With approximately 220 students, The Putney School in Putney, Vermont, isn't actually a huge high school but it boasts one of the most unusual and unique curriculums in the United States. You could actually say that practical sustainability has been part of the academic agenda since Putney School was founded in the mid-1930s: with students expected to contribute practically to the 500-acre working dairy farm and other operations on the campus since the early days. The school's motto from its Web site: "Progressive education for a sustainable future.
More recently, that philosophy has taken on a more explicit agenda -- in the form of campus sustainability squads charged with encouraging more resource-efficient resource consumption as well as one of the first net-zero Platinum LEED certified school buildings in the country. In fact, the construction of that building, the school's first athletic field house, offers a great example of how Putney School combines academic and practical disciplines to help students understand what it means to live a sustainable life.
Putney School's director, Emily Jones, says when discussions really heated up about the field house in 2008, the school's trustees decided it would be irresponsible to construct another building that relied on fossil fuels.
"We wanted to build a green building, but how green was not understood," she said.
Along the way, the school decided to make this an ongoing teaching project, so that students would understand what goes into making a green building. So, 40 hours of teaching time were built into the architecture firm's contract. As different stages of the building were evaluated and completed, the entire school would participate in an assembly about that phase and then break into smaller groups charged with making proposals about how to solve particular design problems that were presented.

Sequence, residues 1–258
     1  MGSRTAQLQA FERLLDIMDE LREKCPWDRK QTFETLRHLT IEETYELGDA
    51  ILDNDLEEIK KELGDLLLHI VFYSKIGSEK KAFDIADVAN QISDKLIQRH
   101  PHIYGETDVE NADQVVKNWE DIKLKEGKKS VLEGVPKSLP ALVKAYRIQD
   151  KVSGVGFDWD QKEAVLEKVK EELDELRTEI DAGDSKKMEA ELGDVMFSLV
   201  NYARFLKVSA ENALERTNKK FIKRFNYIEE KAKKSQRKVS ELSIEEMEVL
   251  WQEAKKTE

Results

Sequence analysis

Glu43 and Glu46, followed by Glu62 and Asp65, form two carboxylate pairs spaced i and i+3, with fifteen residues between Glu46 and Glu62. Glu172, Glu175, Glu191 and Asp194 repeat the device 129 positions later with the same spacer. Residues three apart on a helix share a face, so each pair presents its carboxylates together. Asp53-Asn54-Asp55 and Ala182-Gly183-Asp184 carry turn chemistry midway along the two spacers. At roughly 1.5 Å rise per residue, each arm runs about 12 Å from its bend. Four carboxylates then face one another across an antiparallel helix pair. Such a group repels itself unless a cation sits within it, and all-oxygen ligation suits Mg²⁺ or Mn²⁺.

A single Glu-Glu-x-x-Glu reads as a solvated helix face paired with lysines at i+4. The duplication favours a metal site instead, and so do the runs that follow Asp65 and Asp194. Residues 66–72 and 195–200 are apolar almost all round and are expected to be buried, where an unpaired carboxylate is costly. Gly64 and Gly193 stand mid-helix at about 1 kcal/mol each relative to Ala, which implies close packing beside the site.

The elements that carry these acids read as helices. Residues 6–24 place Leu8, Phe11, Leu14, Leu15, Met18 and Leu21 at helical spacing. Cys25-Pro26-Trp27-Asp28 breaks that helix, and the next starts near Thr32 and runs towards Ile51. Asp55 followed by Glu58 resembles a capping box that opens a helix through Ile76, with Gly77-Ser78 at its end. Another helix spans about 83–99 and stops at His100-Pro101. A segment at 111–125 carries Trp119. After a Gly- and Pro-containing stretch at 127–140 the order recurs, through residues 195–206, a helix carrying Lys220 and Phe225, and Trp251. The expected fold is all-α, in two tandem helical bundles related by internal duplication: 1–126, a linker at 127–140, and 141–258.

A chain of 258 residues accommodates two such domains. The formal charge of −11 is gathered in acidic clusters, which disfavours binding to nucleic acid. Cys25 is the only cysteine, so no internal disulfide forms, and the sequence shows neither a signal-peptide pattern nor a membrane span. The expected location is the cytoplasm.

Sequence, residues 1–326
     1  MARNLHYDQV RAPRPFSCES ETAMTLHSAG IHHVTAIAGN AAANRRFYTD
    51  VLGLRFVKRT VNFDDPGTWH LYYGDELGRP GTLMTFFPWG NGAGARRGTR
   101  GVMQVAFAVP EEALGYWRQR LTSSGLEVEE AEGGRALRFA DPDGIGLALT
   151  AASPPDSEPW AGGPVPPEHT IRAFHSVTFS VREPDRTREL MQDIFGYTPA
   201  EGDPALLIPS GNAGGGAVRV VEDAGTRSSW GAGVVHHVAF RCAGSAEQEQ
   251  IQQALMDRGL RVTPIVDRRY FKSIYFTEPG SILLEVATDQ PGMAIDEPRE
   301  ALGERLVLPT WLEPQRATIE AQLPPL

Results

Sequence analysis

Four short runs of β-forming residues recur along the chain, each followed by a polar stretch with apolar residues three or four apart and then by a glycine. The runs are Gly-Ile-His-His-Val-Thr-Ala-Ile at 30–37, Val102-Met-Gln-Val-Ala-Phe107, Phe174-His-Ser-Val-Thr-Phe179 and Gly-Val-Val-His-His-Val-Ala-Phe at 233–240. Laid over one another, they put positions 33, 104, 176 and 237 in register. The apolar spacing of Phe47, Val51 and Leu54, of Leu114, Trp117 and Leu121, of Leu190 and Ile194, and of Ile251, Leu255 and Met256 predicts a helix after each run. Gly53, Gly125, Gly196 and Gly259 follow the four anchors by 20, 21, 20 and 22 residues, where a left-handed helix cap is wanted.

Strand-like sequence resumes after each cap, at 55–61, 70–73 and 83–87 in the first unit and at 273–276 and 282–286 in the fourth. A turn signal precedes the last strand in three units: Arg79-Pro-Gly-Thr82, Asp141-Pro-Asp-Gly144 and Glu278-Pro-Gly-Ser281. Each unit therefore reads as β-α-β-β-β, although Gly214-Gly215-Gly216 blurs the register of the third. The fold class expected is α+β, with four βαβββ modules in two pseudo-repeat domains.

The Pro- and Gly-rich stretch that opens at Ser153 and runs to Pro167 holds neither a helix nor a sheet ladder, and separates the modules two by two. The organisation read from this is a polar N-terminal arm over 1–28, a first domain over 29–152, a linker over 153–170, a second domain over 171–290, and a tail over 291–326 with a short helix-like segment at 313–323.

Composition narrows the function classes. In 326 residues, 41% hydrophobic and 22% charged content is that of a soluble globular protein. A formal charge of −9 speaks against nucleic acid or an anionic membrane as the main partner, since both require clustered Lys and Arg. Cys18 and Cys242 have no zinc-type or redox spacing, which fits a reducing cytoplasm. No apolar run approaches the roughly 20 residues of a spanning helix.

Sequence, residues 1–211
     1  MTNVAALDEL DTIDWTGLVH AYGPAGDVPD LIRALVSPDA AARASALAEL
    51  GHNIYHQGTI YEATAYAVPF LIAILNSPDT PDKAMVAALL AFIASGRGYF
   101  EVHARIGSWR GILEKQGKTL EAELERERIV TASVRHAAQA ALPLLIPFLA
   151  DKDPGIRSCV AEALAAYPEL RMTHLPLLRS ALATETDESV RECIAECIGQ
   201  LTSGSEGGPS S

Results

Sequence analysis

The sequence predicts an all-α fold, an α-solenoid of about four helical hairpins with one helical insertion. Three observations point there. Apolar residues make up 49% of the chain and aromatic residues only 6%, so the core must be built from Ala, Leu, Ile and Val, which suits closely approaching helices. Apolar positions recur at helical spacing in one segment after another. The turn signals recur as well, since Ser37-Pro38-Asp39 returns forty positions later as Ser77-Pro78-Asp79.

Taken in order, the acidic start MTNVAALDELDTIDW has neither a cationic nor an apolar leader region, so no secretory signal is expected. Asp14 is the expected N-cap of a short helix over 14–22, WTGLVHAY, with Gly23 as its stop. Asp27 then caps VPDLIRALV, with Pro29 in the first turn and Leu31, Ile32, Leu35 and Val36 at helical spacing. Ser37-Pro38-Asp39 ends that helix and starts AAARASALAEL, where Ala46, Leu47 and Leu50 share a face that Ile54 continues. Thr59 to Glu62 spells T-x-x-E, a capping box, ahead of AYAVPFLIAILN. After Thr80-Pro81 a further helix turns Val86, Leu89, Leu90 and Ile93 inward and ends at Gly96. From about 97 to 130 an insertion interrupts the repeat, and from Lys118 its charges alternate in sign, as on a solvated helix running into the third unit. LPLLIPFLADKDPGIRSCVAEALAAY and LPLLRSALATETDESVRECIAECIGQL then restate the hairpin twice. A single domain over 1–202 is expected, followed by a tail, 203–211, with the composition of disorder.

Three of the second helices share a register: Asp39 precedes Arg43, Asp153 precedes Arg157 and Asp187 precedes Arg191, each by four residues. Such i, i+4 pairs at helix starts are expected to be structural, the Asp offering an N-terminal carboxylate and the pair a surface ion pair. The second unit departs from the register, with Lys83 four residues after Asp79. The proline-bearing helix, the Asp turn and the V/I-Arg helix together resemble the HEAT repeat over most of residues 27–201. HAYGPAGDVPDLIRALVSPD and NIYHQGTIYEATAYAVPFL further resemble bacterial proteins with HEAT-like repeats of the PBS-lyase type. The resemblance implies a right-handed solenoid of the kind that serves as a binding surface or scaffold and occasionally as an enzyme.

The field house, which was opened in November 2010, is certified under the Leadership in Energy and Environmental Design (LEED) Platinum specification from 2009. The 16,800-square-foot facility, designed by Maclay Architects, uses passive solar design as well as 16 sun-tracking solar panels. Staff and student (and the general public for that matter) can watch the energy consumption in real time. Here are some of the other features that went into earning the LEED certification:
- A white roof that minimizing the "heat island" effect
- Low-water fixtures and composting toilets
- Energy-efficient lighting, along with occupancy and daylight harvesting technologies that minimize consumption
- More than half the wood in the building was certified under the Forest Steward Council framework
- Approximately 75 percent of the construction waste was diverted from disposal
- Locally harvested materials
- An air-source heat pump that helps provide climate control for the building
Jones said technology -- especially the sensors and the monitoring systems -- was an integral part of making the building sustainable. That technology is also helping the school understand how it might retrofit other buildings to make them renewable ready. "We now have what we need to tell us what we need to do to make them perform up to the standard," she said.
That's also where the student-led Sustainability Squad concept kicks in. "Students are part of making this work," Jones said. In particular, students are charged with making sure energy-efficiency and waste management policies are honored in their dormitories and across the campus.
Sylvie Graubard, who will be squad leader when she returns as a Putney School junior in fall 2011, isn't necessarily looking for a career in sustainability but she believes that the habits we learn during our teenage years stay with us for life. Students, for example, were behind a recent move to ban Styrofoam-based cups from the campus. A big rallying cry for the next school year will be water conservation, Graubard said.
"I am not sure what I want to do, but I am sure that sustainability will be part of my life in the future. This is my generation's revolution," she said.
This post was originally published on Smartplanet.com